Playing with the compiler is interesting. One challenge for the compiler writer is compilation performance. There're many kinds of C++ code which are the nightmare for the compiler. Now let's go!

1. Preprocess

a. Self Inclusion (GCC only)
Normally, the compiler will limit the nest level of inclusion. In order to challenge the compiler, you have to stop the inclusion at appropriate stage. GCC provides a useful macro __INCLUDE_LEVEL__ to do the work.
(We can write similar code for other compiler, although less elegant)

#if __INCLUDE_LEVEL__<199
#include __FILE__
#include __FILE__
#endif

b. Macro Expansion Explosion
By using macro, the code after the preprocess may reach O(2n). For example:

#define F1(x) x,x
#define F2(x) F1(x),F1(x)
#define F3(x) F2(x),F2(x)
#define F4(x) F3(x),F3(x)
#define F5(x) F4(x),F4(x)
#define F6(x) F5(x),F5(x)
#define F7(x) F6(x),F6(x)
#define F8(x) F7(x),F7(x)
#define F9(x) F8(x),F8(x)
#define G1(x) F9(x),F9(x)
#define G2(x) G1(x),G1(x)
#define G3(x) G2(x),G2(x)
#define G4(x) G3(x),G3(x)
#define G5(x) G4(x),G4(x)
#define G6(x) G5(x),G5(x)
#define G7(x) G6(x),G6(x)
#define G8(x) G7(x),G7(x)
#define G9(x) G8(x),G8(x)

int main()
{
    G9(1);
}

Of course, different compilers handle this kind of overflow differently. GCC will fail directly (when all of the resource are eaten up), and VC will give ICE (Internal Compiler Error).

2. Template

a. Nesting
Similarly, there're nest level limit for template, but we can easily deceive the compiler.
Some version of GCC will enter infinite loop when compiles the following code:

#include <cstddef>
template <class T>
struct Test {
    static const size_t Value=Test<Test<T> >::Value;
};

VC is wise enough to stop when the nest level limit is exceeded in the above code. But we can use one of VC's bug (you can also treat it as an extension) to write template which requires O(na) compilation time:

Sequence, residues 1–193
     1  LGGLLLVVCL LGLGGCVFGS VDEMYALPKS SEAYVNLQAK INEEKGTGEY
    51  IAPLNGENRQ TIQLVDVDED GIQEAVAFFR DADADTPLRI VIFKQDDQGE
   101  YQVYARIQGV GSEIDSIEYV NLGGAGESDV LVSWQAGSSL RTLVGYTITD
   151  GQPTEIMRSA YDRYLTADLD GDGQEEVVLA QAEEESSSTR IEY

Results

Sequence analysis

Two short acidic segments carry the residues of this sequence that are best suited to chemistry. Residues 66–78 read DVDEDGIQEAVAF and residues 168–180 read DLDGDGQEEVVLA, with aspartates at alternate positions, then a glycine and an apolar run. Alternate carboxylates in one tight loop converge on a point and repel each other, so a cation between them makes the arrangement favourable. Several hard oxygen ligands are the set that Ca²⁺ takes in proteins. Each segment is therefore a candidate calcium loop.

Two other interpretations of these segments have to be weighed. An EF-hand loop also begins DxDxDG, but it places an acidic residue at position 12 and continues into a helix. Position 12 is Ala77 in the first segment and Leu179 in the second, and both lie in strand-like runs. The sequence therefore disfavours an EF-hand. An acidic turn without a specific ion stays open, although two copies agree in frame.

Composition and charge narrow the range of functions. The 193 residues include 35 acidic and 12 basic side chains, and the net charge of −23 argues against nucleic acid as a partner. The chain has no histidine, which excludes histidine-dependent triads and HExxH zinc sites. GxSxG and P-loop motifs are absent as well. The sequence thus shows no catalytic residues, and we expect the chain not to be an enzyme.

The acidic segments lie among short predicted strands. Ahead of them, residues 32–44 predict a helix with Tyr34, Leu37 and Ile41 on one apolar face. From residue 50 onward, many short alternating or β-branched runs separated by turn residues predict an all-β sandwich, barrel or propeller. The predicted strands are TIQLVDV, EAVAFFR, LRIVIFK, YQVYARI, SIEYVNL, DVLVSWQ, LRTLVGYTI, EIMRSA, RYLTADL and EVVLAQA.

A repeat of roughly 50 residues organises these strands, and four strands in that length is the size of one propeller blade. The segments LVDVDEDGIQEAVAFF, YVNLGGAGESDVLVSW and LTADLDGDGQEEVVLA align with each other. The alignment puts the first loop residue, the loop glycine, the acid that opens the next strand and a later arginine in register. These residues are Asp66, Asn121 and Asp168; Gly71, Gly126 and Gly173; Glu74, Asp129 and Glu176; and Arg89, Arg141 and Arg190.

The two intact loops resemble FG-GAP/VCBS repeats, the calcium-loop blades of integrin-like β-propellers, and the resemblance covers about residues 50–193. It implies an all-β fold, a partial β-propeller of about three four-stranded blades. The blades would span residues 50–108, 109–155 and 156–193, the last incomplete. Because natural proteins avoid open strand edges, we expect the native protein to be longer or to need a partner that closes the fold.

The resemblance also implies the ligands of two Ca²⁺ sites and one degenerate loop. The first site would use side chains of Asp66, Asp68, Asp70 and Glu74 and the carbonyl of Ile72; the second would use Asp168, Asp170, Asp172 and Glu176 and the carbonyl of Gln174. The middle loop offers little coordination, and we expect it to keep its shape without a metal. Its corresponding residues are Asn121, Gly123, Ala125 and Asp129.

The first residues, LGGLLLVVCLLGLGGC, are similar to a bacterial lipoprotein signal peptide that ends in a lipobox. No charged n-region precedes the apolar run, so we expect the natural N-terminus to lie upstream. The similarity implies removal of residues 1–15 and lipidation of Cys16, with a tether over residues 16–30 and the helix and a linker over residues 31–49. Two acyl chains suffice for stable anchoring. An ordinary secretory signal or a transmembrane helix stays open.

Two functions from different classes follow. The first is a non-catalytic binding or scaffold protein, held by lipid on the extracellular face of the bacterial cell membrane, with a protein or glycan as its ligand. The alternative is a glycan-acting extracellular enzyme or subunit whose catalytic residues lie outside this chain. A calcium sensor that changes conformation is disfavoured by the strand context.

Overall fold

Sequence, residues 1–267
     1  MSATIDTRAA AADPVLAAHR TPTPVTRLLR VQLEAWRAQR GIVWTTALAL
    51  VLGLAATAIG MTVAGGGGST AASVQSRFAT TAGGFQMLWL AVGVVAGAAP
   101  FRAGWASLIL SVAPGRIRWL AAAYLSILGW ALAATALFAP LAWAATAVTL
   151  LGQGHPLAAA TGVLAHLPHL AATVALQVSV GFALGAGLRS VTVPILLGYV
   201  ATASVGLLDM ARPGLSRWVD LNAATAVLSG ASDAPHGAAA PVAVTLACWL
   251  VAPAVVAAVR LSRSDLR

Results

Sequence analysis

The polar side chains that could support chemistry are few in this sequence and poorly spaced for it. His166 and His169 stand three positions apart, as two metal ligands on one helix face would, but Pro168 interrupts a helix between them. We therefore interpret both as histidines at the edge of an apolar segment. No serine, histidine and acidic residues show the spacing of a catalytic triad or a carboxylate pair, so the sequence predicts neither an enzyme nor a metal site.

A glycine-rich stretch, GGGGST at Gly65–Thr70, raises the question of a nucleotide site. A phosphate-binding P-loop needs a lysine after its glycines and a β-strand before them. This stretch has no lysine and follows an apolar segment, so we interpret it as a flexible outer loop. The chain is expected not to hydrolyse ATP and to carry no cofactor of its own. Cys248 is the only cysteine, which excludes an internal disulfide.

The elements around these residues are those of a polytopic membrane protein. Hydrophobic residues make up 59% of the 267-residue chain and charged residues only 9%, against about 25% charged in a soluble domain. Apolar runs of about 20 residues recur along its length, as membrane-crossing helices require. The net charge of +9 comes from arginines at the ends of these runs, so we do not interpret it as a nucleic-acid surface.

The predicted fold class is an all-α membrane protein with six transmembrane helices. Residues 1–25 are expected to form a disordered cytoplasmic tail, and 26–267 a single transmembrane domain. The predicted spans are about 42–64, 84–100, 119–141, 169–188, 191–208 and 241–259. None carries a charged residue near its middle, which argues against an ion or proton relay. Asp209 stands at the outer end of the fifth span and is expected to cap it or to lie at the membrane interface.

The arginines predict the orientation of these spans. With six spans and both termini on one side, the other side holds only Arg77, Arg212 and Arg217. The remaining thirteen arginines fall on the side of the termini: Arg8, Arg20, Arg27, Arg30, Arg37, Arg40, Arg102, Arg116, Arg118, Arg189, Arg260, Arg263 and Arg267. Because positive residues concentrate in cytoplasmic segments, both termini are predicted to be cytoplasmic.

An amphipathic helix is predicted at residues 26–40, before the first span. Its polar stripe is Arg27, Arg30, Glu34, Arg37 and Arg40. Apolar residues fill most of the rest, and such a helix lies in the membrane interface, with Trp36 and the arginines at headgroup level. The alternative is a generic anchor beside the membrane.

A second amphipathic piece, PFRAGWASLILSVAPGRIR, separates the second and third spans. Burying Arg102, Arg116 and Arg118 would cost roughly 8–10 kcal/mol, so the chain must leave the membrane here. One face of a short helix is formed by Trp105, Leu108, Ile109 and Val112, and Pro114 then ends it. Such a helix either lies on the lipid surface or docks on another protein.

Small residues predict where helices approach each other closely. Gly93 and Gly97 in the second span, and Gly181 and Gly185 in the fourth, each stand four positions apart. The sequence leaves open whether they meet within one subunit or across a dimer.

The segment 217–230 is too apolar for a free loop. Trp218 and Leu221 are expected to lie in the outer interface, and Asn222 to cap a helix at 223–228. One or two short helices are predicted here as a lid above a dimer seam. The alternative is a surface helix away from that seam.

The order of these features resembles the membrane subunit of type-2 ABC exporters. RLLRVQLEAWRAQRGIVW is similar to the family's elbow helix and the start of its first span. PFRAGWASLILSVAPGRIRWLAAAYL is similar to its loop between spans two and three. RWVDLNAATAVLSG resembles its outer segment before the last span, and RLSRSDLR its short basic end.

#include <cstddef> 

#define INNER(A3,N3,A2,N2) \
template<size_t N3>\
struct A3\
{\
    enum {N=A3<N3-1>::N+1};\
};\
template<>\
struct A3<0>\
{\
    enum {N=A2<N2-1>::N};\
};

#define OUTER(A2,N2,A1,N1,A3,CONTENT) \
template<size_t N2>\
struct A2\
{\
    CONTENT\
    \
    enum {N=A3<N2>::N};\
};\
template<>\
struct A2<0>\
{\
    enum {N=A1<N1-1>::N};\
};

#define LEVEL2(a,b,c) INNER(A##b,N##b,A##a,N##a)
#define LEVEL3(a,b,c) OUTER(A##b,N##b,A##a,N##a,A##c,LEVEL2(a##1,b##1,c##1))
#define LEVEL4(a,b,c) OUTER(A##b,N##b,A##a,N##a,A##c,LEVEL3(a##1,b##1,c##1))
#define LEVEL5(a,b,c) OUTER(A##b,N##b,A##a,N##a,A##c,LEVEL4(a##1,b##1,c##1))

template<size_t N1>
struct A1
{
    LEVEL5(1,11,111)
    enum {N=A11<N1>::N};
};
template<>
struct A1<0>
{
    enum {N=0};
};

int main()
{
    return A1<20>::N;
}

The interesting thing is that, the standard doesn't allow this kind of specialization in template class. Is this a bug or extension of VC?
A member or a member template may be nested within many enclosing class templates. In an explicit specialization for such a member, the member declaration shall be preceded by a template<> for each enclosing class template that is explicitly specialized.

Based on similar idea, we can write portable version for both GCC and VC.

#define INNER(A3,N3) \
template<class N3>\
struct A3\
{\
    static void f() {}\
};

#define OUTER(A2,N2,A1,CONTENT) \
template<class N2>\
struct A2\
{\
    CONTENT\
    \
    static void f() {\
        A1<char>::f();\
        A1<short>::f();\
        A1<int>::f();\
        A1<long>::f();\
        A1<unsigned char>::f();\
        A1<unsigned short>::f();\
        A1<unsigned int>::f();\
        A1<unsigned long>::f();\
    }\
};

#define LEVEL2(a,b) INNER(A##a,T##a)
#define LEVEL3(a,b) OUTER(A##a,T##a,A##b,LEVEL2(a##1,b##1))
#define LEVEL4(a,b) OUTER(A##a,T##a,A##b,LEVEL3(a##1,b##1))
#define LEVEL5(a,b) OUTER(A##a,T##a,A##b,LEVEL4(a##1,b##1))
#define LEVEL6(a,b) OUTER(A##a,T##a,A##b,LEVEL5(a##1,b##1))
#define LEVEL7(a,b) OUTER(A##a,T##a,A##b,LEVEL6(a##1,b##1))
#define LEVEL8(a,b) OUTER(A##a,T##a,A##b,LEVEL7(a##1,b##1))

LEVEL8(1,11)

int main()
{
    A1<int>::f();
}

b. Multiple inheritance
C++ allows multiple inheritance, it can be used to hang the compiler. Try the following "Fibonacci" inheritance:

template<size_t N>
class Evil:virtual public Evil<N-1>,virtual public Evil<N-2>
{
public:
    virtual ~Evil() {}
};

template<>
class Evil<1>
{
};
template<>
class Evil<0>
{
};

int main()
{
    Evil<100> evil;
}

c. OLE (Output limit exceeded)
Normally, the compile time for template is O(n), but in contrast, the amount of error message will be O(n2). Taking advantage of this, you can make the error message "Output Limit Exceeded". For example:

#define ClassName A

template <int N>
class ClassName
{
    enum {Value=ClassName<N-1>::Value};
};

int main()
{
    int n=ClassName<0>::Value;
}

If I change "ClassName" to a very long name (which is widely supported by modern compilers), the error message will be easily OLE.
PS: The above code will cause ICE in VC8. This is the bug of VC8, and VC9 is happy with the code.